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VOL. 35 | NO. 25 | Friday, June 24, 2011




Trustees approve 12 percent UTK tuition increase

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KNOXVILLE (AP) — As University of Tennessee system trustees Thursday approved a $774 tuition increase in Knoxville, students and parents on the campus said paying more for college is just part of financial pain everywhere.

The board without dissent approved the 12 percent increase for undergraduate students at the flagship campus, raised tuition by $508, or 10 percent at the Martin campus and by $488, or 10 percent in Chattanooga. Tuition increases at the Health Science Center vary from 5 percent to 15 percent.

Walking with a group of prospective students and parents touring the Knoxville campus, Al Hutchins, 59, of Canton, Ga., said Thursday that his son is looking at several universities and tuition and fees are increasing everywhere.

Hutchins said a college education is a necessity and "you've got to pay for it."

"It's what you sign up for when you have children," said Hutchins, a pediatric dentist. He said the out-of-state tuition in Knoxville is more than $25,000.

The tuition increase generates about $53 million and helps support a $1.86 billion budget that without $138 million in state funds and federal stimulus money spends about $52 million, or 3 percent, less than this year.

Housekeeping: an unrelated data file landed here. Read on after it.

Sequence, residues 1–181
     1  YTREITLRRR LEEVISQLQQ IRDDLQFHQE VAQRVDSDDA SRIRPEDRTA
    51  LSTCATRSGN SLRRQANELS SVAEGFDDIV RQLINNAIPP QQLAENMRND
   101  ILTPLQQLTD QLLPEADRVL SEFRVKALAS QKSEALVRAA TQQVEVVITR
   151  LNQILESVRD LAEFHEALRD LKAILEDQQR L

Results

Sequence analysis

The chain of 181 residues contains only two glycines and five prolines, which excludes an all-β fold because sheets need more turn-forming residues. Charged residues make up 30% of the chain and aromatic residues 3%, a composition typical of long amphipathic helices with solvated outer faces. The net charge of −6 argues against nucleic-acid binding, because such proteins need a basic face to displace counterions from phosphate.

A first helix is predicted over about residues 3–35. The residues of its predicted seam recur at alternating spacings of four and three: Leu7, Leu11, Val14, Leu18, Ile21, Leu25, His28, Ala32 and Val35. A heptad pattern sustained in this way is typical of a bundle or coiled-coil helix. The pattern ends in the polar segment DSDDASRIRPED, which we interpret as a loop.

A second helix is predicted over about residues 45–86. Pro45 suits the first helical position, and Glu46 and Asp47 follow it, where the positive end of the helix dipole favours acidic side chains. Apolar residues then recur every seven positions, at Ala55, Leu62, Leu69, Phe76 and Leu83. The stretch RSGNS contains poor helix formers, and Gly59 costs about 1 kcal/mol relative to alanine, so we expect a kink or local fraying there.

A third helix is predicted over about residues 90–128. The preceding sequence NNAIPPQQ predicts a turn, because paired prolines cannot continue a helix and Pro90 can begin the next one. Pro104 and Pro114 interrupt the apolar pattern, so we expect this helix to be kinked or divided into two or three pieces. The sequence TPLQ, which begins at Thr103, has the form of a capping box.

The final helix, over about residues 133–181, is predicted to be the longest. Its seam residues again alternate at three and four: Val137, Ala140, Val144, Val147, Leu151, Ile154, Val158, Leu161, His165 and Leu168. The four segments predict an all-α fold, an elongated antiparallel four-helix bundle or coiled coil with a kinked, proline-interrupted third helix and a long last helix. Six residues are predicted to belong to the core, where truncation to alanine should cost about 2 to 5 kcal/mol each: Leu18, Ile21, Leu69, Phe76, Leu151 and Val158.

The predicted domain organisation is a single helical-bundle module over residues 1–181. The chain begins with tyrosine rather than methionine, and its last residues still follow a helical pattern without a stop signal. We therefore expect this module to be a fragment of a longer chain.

The budget that takes effect July 1 includes $38 million to increase salaries by up to 5 percent for faculty and staff.

Board Vice Chairman Jim Murphy said he voted yes reluctantly for the tuition increase but it is just helping offset decreased revenue. He said the pay raises are needed to make the university's salaries competitive.

He said because the university's "best and brightest are being recruited away."

Gov. Bill Haslam told trustees that the new state budget reduces appropriations to the university system primarily because of continuing increases in health care costs but he said revenues are improving and there should not be a big cut for higher education next year.

"So far we've been encouraged by revenues," he said.

UT President Joe DiPietro has advised faculty and staff that the increases are partly to help offset operating costs and a more than 20 percent drop in state appropriations and to fund the first employee pay raises in four years.

The vote raises annual tuition and fees at the Knoxville campus to $8,396, more than a 100 percent increase over the past decade.

Senior agriculture major Kristie Mantooth, 26, of Cleveland, said she is receiving financial aid and already has education loans totaling more than $25,000.

"The more I get the more in debt I am," she said.

Mantooth said she transferred from a community college and has had to interrupt her college work to help pay for her education.

"I don't want to have to quit school again," Mantooth said while working on a project with plants outside the trustee meeting.

Graphic design major Garret Agresta, 20, of Knoxville, said as he walked on campus outside the meeting that he wants to see some new campus construction and building renovations from higher tuition.

"I'd like to see where it's going," he said.

.Agresta transferred from another area college and said he has a job at a grocery store, his parents are helping and he also has some scholarships.

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